For Michel; I am living in the north of Montreal. I mostly ride in Laval or up north (Laurentian). I try to choose my course for the best asphalt but....because of our winter (you know about it too) there is nothing perfect around here. We have to be carefull. Specially early in the season.

    On our single, both my wife and I are riding on Vredestein Fortezza 700 X 23 inflated at 90 psi for my wife and around 100 psi for me. We have found that higher pressure do not reduce rolling resistance and also at higher pressure bikes have a tendency to bounce to much. That make them scary at high speed like going done long hill with sharp curve when the road is not very good. At too high pressure, the front tire don't stay in contact with the ground and the direction of the bike become erratic. We realy like those Fortezza. One set has over 8000 km (5000 milles) and the other around 4000km. Of course I would like to get the same feeling on the tandem that I have on my single.

    The Armadillo 700 X 28 were recommended to us by the LBS. Since we were new to tandem I took is advice. After few rides, I was not so sure if those tires where the best for us. But the season was almost over so I did not bother. Now, we are back training and I would like to fix this before the beginning of the season. I have 2 set of wheels for the tandem. One is build on a wide Mavic rim. Minimum size tire that could go on those rim is 28 mm. It is the one with the armadillo tire. The other one is built with Ambrosio balance narrow rim and can be fit with anything from 19 to 25 mm. I would like to give a try with the Fortezza but I am a bit concerned to have a 23 mm install on the back wheel and riding around here. I don't think there is a 25 in the Fortezza serie. What would be your recommendation for a performant 25 mm? The way is going we will probably end up with a set of "performance" wheels and a set of "Touring" wheels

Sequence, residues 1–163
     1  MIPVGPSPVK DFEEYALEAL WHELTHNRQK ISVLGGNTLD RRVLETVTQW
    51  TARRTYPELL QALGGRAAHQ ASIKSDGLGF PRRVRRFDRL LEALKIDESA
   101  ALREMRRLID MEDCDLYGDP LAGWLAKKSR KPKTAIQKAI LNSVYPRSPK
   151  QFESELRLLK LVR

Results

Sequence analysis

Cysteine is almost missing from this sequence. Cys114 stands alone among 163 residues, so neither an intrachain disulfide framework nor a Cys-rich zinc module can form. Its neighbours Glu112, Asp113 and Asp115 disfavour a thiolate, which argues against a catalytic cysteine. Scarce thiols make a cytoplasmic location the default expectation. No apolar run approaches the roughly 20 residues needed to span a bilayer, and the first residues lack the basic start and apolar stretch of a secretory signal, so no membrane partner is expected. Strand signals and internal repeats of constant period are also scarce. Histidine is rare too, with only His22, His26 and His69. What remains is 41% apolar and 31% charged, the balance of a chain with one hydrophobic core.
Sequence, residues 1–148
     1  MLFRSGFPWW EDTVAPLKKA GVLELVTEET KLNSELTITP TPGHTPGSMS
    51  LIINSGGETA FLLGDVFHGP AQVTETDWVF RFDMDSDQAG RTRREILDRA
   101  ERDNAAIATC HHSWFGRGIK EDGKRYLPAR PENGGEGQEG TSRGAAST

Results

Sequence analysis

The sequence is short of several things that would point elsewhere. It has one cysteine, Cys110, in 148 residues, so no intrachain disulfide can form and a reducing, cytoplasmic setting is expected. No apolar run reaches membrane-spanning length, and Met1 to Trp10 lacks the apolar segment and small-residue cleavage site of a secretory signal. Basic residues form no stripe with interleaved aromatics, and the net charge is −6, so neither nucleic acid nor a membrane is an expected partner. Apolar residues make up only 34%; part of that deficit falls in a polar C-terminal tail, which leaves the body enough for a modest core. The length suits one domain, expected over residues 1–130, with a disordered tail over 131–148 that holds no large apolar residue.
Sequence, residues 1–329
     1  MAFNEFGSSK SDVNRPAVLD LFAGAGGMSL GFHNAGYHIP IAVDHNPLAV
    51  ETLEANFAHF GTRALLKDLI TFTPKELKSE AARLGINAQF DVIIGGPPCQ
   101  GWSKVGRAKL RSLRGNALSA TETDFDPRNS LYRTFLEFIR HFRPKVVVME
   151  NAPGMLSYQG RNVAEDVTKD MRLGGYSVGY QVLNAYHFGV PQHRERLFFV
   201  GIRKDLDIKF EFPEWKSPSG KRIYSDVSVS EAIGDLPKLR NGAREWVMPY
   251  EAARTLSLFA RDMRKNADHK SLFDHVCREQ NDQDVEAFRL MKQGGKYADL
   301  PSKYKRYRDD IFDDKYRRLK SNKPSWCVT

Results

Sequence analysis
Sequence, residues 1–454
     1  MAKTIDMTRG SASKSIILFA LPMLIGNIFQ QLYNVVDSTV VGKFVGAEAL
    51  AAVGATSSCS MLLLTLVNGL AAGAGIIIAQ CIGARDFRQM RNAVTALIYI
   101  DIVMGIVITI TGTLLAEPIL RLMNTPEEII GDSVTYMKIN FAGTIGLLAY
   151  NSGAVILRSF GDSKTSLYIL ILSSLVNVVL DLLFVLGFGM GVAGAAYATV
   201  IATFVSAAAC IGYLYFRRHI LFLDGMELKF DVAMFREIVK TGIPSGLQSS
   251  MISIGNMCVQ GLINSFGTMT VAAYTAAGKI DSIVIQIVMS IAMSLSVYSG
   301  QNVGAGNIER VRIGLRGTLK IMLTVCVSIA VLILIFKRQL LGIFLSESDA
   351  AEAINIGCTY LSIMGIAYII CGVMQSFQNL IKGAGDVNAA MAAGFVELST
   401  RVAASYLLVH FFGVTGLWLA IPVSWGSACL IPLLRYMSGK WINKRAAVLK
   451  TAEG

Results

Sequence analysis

As for speed measurement goes, we use a speedometer. It is calibrated for the right size of tire. Because we are training basically on the same course with the singles or with the tandem. With time I can see that both the average and the top speed are just a bit higher with the tandem compare to me on my single. One thing I forgot to say: When we stop pedaling, the tandem is slowing down much faster than a single. And no, it is not brake rubbing or tight bearing. It is rolling resistance. On the other end, all this is not only a question of speed. On very long ride, any percentage of the available power spend on rolling resistance is a pure loss of energy. Why spend it if it could be use the right way!!! Thank you Mark to indirectly remember me the site www.analyticcycling.com. I am going to figure out how much more speed I could expect from the tandem in a perfect world.